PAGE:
7 steps to creating employee brand ambassadors using social media


Have you ever had a customer track you down via Facebook, LinkedIn or Twitter to resolve a problem for them? What about a friend asking you for advice about a product that’s made by the brand you work for? If that’s happened to you, like it or not, that makes you a brand ambassador.

Social media has rewritten the rules for engaging with customers. No longer can you be a faceless organisation that only relies on a small PR team to “spin” news, a marketing team to craft promotional messages, a customer service hotline to answer customer complaints or the field sales force to deal with everything else. Almost all of your employees can be tracked down and identified either via LinkedIn, Facebook, Twitter, Blogs and Forums. So what does this mean for your customer engagement plans?

There are two options:

  1. Hope customers won’t ask questions via Facebook or Twitter, and that your current customer service/marketing/PR/sales force will cope with the diverse demands placed on them. Clearly, this isn’t realistic or smart.
  2. Embrace social media, train up all employees and build a strong network of brand ambassadors.

So what’s a “brand ambassador”? A brand ambassador is a passionate advocate of your products and company. They are someone, in any part of the organisation (from frontline staff to the CEO) who is proud to work there and to recommend your products to customers. There’s one other requirement that’s important: they must not be afraid of using social media to engage customers.

Here’s the 7-step guide on how you build a robust social media-enabled brand ambassador program:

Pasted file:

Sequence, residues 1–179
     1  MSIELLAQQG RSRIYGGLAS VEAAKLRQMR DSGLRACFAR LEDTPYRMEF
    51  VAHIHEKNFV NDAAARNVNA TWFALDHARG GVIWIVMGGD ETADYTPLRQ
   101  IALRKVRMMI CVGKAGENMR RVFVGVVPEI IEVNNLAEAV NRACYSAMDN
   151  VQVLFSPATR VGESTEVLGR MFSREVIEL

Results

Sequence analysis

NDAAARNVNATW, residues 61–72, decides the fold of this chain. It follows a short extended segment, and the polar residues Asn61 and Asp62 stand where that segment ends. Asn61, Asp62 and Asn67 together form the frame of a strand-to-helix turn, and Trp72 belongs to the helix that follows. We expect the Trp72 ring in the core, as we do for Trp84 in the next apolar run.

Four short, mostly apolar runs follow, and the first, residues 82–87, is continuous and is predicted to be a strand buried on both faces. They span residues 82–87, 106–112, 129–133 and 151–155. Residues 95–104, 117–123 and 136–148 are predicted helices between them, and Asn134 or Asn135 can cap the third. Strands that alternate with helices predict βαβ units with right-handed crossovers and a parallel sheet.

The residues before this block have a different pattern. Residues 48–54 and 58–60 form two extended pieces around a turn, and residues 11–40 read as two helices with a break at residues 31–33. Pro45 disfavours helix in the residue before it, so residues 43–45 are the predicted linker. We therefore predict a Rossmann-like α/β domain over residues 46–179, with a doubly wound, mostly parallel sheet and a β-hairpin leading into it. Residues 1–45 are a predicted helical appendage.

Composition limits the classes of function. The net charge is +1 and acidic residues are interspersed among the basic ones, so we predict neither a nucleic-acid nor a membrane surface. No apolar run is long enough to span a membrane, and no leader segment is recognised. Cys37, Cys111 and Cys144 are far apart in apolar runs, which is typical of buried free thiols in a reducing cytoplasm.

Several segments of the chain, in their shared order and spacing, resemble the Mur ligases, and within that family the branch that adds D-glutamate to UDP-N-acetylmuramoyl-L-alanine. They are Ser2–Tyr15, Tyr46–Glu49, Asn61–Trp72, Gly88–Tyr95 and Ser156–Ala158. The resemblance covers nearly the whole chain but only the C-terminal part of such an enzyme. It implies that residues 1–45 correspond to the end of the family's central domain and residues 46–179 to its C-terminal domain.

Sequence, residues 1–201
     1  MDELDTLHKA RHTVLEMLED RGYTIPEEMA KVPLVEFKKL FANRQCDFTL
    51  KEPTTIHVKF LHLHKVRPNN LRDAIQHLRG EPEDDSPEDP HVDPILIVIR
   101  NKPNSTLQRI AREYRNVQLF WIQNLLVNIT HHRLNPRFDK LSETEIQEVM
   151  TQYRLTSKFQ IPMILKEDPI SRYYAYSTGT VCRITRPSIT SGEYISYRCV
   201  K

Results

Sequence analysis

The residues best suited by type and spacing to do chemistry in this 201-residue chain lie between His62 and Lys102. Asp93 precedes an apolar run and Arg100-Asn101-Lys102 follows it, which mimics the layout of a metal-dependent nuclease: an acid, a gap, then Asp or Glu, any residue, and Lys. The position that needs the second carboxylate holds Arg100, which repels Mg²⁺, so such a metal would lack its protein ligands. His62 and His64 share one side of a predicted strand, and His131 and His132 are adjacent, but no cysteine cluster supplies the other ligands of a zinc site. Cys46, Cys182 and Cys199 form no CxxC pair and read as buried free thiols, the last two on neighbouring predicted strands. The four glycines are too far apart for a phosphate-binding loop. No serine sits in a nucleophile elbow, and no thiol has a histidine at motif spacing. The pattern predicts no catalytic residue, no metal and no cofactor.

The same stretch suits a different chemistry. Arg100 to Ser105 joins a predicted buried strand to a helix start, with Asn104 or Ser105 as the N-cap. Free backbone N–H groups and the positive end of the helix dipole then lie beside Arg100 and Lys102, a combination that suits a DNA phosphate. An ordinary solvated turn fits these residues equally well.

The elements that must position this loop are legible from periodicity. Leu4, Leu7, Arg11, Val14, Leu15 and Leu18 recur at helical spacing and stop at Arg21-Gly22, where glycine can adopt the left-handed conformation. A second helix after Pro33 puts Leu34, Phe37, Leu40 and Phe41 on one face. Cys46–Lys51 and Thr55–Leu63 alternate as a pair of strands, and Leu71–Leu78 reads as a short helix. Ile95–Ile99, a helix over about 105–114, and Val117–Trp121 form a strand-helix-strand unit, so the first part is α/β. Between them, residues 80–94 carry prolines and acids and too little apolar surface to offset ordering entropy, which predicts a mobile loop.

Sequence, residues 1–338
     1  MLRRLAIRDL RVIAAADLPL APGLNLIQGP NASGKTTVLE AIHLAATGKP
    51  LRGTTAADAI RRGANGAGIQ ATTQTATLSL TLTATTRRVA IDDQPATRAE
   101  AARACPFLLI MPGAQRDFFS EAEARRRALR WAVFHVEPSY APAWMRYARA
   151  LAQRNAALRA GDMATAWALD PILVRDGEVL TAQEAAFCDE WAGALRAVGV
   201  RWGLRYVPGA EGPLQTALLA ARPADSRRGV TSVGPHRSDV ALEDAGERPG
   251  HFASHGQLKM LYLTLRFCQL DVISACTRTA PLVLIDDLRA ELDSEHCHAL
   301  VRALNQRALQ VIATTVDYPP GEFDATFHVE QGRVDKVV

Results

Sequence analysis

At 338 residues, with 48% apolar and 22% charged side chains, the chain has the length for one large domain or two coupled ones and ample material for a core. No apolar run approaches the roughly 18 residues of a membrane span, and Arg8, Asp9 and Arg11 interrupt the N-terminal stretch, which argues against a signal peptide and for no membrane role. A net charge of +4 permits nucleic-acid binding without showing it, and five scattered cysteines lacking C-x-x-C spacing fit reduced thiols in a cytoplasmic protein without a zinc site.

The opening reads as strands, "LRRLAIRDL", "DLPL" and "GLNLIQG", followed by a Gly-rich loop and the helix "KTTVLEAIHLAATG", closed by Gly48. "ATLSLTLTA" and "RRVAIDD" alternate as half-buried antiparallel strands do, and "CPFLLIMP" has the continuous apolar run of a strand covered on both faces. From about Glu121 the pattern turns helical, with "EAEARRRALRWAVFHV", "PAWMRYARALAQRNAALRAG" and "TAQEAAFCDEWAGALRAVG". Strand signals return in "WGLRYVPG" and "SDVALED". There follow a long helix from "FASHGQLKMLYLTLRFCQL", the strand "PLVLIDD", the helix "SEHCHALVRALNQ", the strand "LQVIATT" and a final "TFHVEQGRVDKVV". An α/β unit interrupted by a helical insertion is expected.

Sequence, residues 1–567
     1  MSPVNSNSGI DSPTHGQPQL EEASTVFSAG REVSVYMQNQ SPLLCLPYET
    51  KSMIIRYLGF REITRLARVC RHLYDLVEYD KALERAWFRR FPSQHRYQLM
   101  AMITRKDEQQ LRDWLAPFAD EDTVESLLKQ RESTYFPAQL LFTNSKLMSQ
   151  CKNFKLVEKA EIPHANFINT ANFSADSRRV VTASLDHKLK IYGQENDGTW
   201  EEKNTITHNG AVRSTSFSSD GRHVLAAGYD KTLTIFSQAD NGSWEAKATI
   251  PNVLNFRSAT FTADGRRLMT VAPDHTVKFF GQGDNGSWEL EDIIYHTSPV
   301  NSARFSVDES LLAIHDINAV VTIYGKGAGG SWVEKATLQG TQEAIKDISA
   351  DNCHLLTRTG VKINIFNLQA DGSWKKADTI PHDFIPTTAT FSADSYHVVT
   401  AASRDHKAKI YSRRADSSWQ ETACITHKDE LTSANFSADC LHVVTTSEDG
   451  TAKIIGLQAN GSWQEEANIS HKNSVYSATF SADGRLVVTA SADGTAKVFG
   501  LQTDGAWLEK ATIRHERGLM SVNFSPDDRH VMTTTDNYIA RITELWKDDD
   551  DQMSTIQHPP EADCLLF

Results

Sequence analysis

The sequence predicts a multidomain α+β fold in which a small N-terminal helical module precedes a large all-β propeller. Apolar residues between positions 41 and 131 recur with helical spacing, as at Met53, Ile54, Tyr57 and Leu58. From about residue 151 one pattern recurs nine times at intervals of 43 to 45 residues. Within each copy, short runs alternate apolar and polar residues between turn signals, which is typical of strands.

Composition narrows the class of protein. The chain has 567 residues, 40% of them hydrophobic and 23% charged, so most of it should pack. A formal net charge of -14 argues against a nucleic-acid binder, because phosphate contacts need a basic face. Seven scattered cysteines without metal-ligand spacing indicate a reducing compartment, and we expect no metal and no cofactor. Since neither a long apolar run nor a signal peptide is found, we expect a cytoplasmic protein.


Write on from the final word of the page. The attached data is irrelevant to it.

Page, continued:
1. It all starts with a social media customer engagement policy. Here are 3 great examples from IntelCoca-Cola, and Dell.
  2. Define who you want to approach as the first generation of brand ambassadors. Is it the marketing team? Customer service team? Sales force? Or perhaps employees from any part of the organisation that are social media savvy? Ask for volunteers first, and then draft the right people as needed.
  3. Add customer/social engagement KPIs into each brand ambassador’s performance plan. Importantly, make sure this is also a KPI of the executive team. If the CEO has these KPIs in his/her plan, then it will be clear organisational priority.
  4. Training. This is so important. The training program should cover the basics like media training (how to respond to external enquiries, what to say, what not to say, etc.), your company’s code of conduct, your policy on confidentiality and sharing information, as well as understanding social media (Facebook, Twitter, LinkedIn, Blogs, Forums, etc.). More advanced modules should focus on tone of voice, how to correctly identify yourself as a company employee, the blurred line between personal and professional social media, and so on.
  5. Provide tiers of engagement. Not all brand ambassadors are equal. Consider providing more intense training for employees who are already customer-facing, or who have high profile roles (the CEO, Marketing Director, Sales Director, head of product design, etc.).
  6. Ensure you have strong links back to the rest of the organisation, such as HR (for job enquiries), Customer Care (for customer service issues) or Sales. For example, studies have shown that 47% of people want customer service through social media, so it’s important your brand ambassadors know how to respond to service-related issues.
  7. Once you’ve got it right with the brand ambassadors, consider rolling it out for all employees. Dell is doing it and already has over 10,000 employees trained. Not only does this reduce the risk of things going wrong with employees using social media, it’s also 10,000 brand ambassadors who are actively engaging customers!

Finally, consider getting help. This isn’t easy otherwise all companies would be doing it. There are specialists in every city who understand this space and who you can outsource this whole process to.

More reading

Thought leadership’s powerful impact on your employees
Is HR Social-able? [Infographic]
Twitter for business: 18 things you should NOT do 


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